Industry Partners

Prairie Swine Centre is an affiliate of the University of Saskatchewan

Prairie Swine Centre is grateful for the assistance of the George Morris Centre in developing the economics portion of Pork Insight.

Financial support for the Enterprise Model Project and Pork Insight has been provided by:

Author(s): Anil L;Bhend KMG;Baidoo SK;Morrison R;Deen J;
Publication Date: January 1, 2003
Reference: , vol. 223: pp. -.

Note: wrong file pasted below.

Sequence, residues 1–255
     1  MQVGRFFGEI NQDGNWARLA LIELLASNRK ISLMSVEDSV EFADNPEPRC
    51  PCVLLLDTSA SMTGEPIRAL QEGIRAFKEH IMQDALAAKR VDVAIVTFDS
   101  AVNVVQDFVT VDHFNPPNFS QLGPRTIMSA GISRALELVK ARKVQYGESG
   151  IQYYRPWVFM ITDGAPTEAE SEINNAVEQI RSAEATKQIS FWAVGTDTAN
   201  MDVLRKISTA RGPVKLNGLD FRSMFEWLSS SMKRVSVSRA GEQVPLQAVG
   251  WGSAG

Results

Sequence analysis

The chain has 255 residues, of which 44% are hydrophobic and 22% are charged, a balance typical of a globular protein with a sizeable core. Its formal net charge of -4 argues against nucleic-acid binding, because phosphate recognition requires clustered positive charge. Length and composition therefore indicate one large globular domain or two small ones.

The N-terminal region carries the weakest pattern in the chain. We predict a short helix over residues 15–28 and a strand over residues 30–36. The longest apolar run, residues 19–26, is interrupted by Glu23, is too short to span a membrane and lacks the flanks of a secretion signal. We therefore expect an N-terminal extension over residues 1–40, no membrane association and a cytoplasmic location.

Most of the challenges to housing pregnant sows are to balance between providing enough space for free movement and control aggression. Both inadequate space and aggression can cause injuries in sows. There are mainly 2 types of gestation housing systems: individual stalls and group housed pens. Individual stalls may not provide adequate space, but preventing sows from aggression. Group housing, on the other side, provides open space for free movement, but not preventing sows from aggression. The current study was to compare the location and severity of injuries in pregnant sows housed in individual gestation stalls with that in pregnant sows housed in groups in pens with electronic feeders. A total of 100 pregnant sows in parity 1 to 3 were used. Fifty sows each were randomly allotted to gestation stalls or group pens with electronic feeders. Injures were scored on the basis of location, number, and depth of wounds. Injury scores for sows in both housing systems were compared during a period of 90 days. The influence of factors such as duration of stay in the housing system, parity, and body weight on sow injuries was also examined. The results indicated that injury scores were higher in group pens. As body weight increased, injury scores decreased for sows housed in group pens and increased for sows housed in gestation stalls. To evaluate welfare of pregnant sows in individual stalls vs. in group pens, multiple measurements are needed.

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